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Table 1 Construct validity and reliability for engagement scales Academic Engagement (N = 5) I regularly study on the weekends I regularly seek advice and help from my professor or teaching assistant I rarely skip classes I regularly ask questions in class I usually come to class having completed readings or assignments Peer Engagement (N = 8) I regularly work on other students on course areas with which I have problems I regularly get together with other students to discuss classwork I regularly study with other students Studying with other students is useful to me I regularly work with other students on projects during class I regularly borrow course notes and materials from friends in the same class I feel part of a group of students and faculty committed to learning There is a positive attitude towards learning among my fellow students Intellectual Engagement (N = 5) I enjoy the intellectual challenge of subjects covered in the course I get a lot of satisfaction from studying The lectures often stimulate my interests in the subjects I am finding my course intellectually stimulating I am usually motivated to study 0.72 0.65 0.15 0.75 0.38 93.7 0.79 0.79 0.82 0.77 0.60 0.58 0.40 0.48 60.13 0.85 0.74 0.87 0.85 0.51 0.82 0.82 2% 33.51 0.45

5.2.2. Twitter enjoyment


Students in the experimental class were also asked to answer open-ended questions to give feedback on their experience using Twitter for the class. Four open-ended questions were included on the questionnaire given to the students enrolled in the experimental conditions. These questions included: Describe your experience with Twitter over the past semester. What did you like? What did you not like? Compare this course to your other general education courses that did not use Twitter. Did you find yourself enjoy this class more or less? Did it affect your involvement during lecture or outside of the classroom? Besides the fact that you got points for using Twitter to answer questions, do you think it affected your grades and/or classroom performance any other way? If so, how? Did you ever use Twitter to ask a question or make a comment during lecture? Do you think the ability to do this added to your classroom experience?

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We examined answers to these questions to assess students attitudes towards Twitter. Those that expressly stated liking or enjoying Twitter (N = 37) were coded as 1. These are students who made comments such as I did like the whole idea of posting our ideas on Twitter instead of writing the answers on paper and handing them to you. Those who expressed not enjoying Twitter (N = 25) received a 2. These are students who made comments such as I honestly hate Twitter. It is just another site where people blab about their life. Those who reported mixed feelings (liking some components and not liking others; N = 128) were coded as 3. Those that did not answer the open -ended questions were not included (N = 15).

5.3. Procedure
The study took place at a mid-sized state level comprehensive university. There were at total of four sections of two introductory level general education courses. These courses were large (enrollment up to 90 students in each section), face-to-face, and lecture-based (Introduction to Cultural Anthropology and Introduction to Sociology). Prior to the beginning of the Fall 2011 semester, the researchers randomly assigned (through two coin flips) which course would be the control group (have no Twitter assignments) and which course would be the experimental group (have Twitter) (see Table 2) for the entire fifteen-week semester. On the first day of the class, students were notified verbally, and on the syllabus, if they were enrolled in a Twitter class. In the control conditions, students were not notified of the other sections using Twitter. Table 2 Schedules and random assignment for conditions Course Cultural Anthropology Cultural Anthropology Sociology Days Offered Tuesdays & Thursdays Tuesdays & Thursdays Monday, Wednesday, Friday Time Offered 8-9:15 11-12:15 10-10:50 Assignment Control Experimental Control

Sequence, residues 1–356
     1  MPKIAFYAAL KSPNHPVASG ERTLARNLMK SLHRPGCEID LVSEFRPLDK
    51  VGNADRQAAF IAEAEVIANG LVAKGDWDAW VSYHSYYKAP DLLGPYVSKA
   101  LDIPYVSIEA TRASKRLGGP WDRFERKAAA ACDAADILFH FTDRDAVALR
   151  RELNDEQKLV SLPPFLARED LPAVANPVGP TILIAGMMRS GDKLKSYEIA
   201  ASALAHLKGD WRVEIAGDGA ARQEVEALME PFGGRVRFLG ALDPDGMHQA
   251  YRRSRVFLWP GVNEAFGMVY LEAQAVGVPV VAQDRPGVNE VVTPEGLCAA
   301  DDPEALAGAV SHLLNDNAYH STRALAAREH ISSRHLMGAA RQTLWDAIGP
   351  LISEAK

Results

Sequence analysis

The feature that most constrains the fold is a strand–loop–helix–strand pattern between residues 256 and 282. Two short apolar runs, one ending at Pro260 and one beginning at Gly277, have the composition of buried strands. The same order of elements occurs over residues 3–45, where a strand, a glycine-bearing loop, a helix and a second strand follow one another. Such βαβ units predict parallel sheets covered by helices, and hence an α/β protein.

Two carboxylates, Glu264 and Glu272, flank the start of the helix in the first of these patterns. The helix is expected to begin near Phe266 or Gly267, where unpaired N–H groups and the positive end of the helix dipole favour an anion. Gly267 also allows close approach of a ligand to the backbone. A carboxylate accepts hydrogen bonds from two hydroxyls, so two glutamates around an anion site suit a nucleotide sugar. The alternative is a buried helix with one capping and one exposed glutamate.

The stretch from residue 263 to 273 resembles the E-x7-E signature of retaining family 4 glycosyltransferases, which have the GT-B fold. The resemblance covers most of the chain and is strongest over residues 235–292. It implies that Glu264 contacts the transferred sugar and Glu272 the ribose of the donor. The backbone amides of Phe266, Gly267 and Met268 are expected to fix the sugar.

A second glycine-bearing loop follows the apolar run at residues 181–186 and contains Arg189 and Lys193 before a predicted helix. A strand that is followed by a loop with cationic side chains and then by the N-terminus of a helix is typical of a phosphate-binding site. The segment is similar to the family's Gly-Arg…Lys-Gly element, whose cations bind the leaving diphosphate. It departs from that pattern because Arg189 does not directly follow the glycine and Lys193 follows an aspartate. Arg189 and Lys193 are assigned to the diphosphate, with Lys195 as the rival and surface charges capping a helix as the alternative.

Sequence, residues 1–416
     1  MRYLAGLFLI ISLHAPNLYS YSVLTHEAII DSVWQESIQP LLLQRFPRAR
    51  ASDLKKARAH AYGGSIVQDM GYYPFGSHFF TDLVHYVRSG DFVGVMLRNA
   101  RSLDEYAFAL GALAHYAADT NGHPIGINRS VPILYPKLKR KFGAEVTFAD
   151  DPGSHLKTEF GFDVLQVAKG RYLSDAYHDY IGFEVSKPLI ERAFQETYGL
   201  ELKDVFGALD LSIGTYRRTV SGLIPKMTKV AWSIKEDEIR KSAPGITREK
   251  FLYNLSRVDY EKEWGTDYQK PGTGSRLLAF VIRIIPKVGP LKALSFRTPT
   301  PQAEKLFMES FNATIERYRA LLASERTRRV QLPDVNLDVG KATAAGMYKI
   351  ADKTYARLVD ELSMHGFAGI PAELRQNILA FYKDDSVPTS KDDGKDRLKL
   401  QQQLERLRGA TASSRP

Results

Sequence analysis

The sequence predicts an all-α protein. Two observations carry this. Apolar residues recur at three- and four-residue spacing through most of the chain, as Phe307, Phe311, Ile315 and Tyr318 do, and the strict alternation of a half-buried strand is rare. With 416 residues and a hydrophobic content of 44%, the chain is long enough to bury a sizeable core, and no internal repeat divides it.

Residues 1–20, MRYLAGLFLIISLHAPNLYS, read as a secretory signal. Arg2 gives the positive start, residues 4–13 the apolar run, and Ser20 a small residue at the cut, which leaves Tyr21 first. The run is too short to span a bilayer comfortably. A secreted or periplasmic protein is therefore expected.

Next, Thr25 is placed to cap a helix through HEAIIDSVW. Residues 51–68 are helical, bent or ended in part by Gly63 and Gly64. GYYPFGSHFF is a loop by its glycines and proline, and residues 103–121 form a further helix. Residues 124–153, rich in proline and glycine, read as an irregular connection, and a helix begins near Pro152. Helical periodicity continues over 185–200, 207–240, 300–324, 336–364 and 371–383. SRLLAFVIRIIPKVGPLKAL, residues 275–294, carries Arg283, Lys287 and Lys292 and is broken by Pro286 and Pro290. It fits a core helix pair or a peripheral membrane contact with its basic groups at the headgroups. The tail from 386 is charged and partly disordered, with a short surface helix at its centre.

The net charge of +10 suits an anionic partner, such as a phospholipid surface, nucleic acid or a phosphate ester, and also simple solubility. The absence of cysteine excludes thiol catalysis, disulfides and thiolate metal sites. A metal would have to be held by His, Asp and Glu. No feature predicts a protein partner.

Prior to the beginning of the semester, the two researchers developed policies on how Twitter would be utilized in the courses. 1 The two courses in each discipline would be taught exactly the same way (e.g. same text, number of assignments, lectures, nonTwitter assessments) with the difference being restricted to the use of Twitter in the experimental conditions. In both the experimental and control sections across disciplines, students were given seven low-stakes writing assignments with each instructor dropping the students two lowest scores when calculating final grades. In the control conditions, students did these writings on the prompt in class. In the experimental conditions, students were asked to post their response to a dedicated course Twitter backchannel dedicated to each assignment. Students in the experimental condition could also use Twitter to live tweet during course films, ask questions during lecture, and send questions about course materials or procedures to their instructor. Instructors also posted websites, stories, and comments relevant to course material to a class Twitter feed. After completion of all seven assignments, students in all four of the classes were asked to complete a pen/paper questionnaire on their perceptions of their classroom experience. As discussed above, they answered questions relating to their perception of their engagement. Further, students in the experimental conditions answered questions